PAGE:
It’s a Good Thing: District energy gains new converts in our warming world

A centuries-old solution for a greener urban grid, district energy has a B.C. champion in Creative Energy, an offshoot of real estate developer Westbank.

Credit: Creative Energy. Through one of North America’s largest district energy systems, Creative Energy serves about 220 customers in downtown Vancouver

A centuries-old solution for a greener urban grid, this power source has a B.C. champion in Creative Energy, an offshoot of real estate developer Westbank

Cities represent something of a climate paradox. On the one hand, they’re the answer to global warming: more efficient land use (think up, not out) means fewer people commuting, and more land for the farms and forests that sustain us.

On the other hand, cities are energy hogs. Urban centres consume about 75 percent of the world’s primary energy (energy harvested directly from natural resources) and emit between 50 and 60 percent of its greenhouse gases, according to the United Nations. Building operations alone represent 28 percent of global emissions.

As the march toward urbanization continues, we need to find more sustainable ways of powering our cities. And one of those ways is a rather old concept gaining new currency: district energy.

District energy—the centralized generation and distribution of thermal energy, via pipes—has been around for centuries, even millennia (if you count the hot water–heated baths and greenhouses of ancient Rome). But it really came into vogue in the booming cities of Europe and America in the 19th century: a way to more efficiently power a dense community of residences and businesses.

Efficient though it may have been, it wasn’t always green. For decades, coal, oil and natural gas have been fuelling the cogeneration plants that provide much of the district energy. That’s starting to change, especially as residential and commercial developers embrace ESG principles and move toward a net-zero future.

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Vancouver developer Westbank and its founder, Ian Gillespie, saw the potential of a greener form of district energy about a decade ago—not just for its downtown developments (Telus Garden, among them), but for the rest of Vancouver and for cities everywhere. In 2014, Gillespie paid $32 million to buy Vancouver’s Central Heat Distribution—one of the largest district energy systems in North America—and renamed it Creative Energy, committing to convert its natural gas boilers to a lower-carbon fuel.

The man who’s helping him make that happen is Krishnan Iyer, CEO of Creative Energy since 2018. “The typical Creative Energy client is a residential building or office or hospital,” says Iyer, noting that the company serves about 220 customers across more than 45 million square feet of connected real estate in downtown Vancouver. The common denominator is not just dense real estate but intense energy usage: “Health care is a very high-energy endeavour,” Iyer says, pointing to St. Paul’s Hospital as an example. “It has to be worthwhile to put the pipes in the ground to serve those buildings.”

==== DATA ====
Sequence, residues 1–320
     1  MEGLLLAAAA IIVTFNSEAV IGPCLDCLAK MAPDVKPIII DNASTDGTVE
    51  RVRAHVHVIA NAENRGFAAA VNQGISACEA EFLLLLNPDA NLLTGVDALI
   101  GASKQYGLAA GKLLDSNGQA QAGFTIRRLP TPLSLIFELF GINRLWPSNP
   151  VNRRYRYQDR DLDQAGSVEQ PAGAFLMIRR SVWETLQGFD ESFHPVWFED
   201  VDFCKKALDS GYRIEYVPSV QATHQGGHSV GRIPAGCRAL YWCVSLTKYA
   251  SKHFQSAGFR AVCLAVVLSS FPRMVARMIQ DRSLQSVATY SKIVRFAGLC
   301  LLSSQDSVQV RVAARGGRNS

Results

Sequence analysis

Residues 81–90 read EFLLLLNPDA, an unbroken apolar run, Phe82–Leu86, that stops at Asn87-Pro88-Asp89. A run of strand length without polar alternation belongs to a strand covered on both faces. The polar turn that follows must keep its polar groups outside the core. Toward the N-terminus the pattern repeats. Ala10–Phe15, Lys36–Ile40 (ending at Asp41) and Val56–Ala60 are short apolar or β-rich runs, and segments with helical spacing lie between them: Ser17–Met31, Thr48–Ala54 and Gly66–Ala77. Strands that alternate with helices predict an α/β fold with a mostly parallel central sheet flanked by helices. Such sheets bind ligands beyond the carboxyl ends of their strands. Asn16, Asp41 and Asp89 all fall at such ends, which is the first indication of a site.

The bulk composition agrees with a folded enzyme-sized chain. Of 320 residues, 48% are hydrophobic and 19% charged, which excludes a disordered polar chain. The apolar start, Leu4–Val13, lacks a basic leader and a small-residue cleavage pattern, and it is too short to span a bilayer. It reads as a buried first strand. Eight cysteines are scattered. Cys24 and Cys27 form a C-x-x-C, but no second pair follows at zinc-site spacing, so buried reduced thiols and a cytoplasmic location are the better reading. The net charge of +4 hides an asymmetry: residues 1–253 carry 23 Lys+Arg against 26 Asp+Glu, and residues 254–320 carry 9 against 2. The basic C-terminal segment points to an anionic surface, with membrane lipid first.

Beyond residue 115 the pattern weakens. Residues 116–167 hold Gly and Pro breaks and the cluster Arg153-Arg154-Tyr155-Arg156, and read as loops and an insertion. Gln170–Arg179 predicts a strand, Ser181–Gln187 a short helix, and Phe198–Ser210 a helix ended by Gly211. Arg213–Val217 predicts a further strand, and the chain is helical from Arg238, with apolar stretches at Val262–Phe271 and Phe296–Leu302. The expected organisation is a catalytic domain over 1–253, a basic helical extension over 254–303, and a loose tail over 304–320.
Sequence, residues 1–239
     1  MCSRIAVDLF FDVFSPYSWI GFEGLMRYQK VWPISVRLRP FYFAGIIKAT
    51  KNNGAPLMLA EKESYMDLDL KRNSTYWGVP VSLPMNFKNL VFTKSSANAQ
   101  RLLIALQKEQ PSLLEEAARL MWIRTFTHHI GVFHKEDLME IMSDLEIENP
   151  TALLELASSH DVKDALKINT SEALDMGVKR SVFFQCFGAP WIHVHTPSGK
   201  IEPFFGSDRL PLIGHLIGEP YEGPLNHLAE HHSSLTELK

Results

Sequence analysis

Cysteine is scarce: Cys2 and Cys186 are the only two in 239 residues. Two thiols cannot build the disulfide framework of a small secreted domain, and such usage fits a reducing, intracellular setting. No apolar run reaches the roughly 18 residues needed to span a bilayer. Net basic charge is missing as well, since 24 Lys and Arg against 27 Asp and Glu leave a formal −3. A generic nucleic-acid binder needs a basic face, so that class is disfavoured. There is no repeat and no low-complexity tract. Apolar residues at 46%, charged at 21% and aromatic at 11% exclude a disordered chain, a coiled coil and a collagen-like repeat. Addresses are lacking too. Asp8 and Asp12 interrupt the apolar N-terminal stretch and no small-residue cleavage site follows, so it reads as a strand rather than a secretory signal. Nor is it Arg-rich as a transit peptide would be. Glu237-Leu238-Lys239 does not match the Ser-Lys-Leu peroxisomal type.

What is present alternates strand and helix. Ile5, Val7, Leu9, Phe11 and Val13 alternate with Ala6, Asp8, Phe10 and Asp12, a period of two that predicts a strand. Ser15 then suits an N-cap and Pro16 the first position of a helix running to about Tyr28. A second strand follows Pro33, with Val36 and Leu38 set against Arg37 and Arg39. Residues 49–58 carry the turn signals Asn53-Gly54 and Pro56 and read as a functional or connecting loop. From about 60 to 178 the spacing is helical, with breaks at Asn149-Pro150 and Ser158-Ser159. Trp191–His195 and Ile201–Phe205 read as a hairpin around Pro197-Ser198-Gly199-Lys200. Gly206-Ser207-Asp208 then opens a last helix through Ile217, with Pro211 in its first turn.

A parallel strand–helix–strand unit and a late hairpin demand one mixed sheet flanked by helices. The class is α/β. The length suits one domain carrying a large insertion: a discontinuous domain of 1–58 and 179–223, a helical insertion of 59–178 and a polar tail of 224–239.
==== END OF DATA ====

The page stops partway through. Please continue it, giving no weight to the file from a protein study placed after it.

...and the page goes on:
When Central Heat was created in 1968, switching from coal to natural gas was the big upgrade in fuel generation; in 2022, it’s electricity and renewable sources of energy. Creative Energy currently has a proposal before the B.C. Utilities Commission to add two electric steam boilers to its cogeneration plant at 720 Beatty Street. “This will displace roughly 25,000 tons of greenhouse gas emissions every year from downtown Vancouver,” Iyer notes.

When Gillespie bought the company, Creative Energy’s natural gas-powered boilers were pumping out 70,000 tonnes of greenhouse gases annually—the single largest source of GHGs in Vancouver. In recent years, Creative Energy has expanded beyond downtown Vancouver to places such as Horseshoe Bay, Toronto’s Mirvish Village and Seattle, where it signed a deal with Swedish Health Services in December to modernize the health-care giant’s flagship First Hill Campus. Whether in Seattle, Toronto or Vancouver—be it retrofitting old infrastructure, or building sustainability from the ground up—the vision is to expand beyond the singular development and, piece by piece, decarbonize the grid, Iyer says.

“With so much focus on ESG these days, district energy provides—I don’t want to go as far as saying a silver bullet, but it certainly provides a significant solution for greenhouse gas emissions.”

Credit: City of Vancouver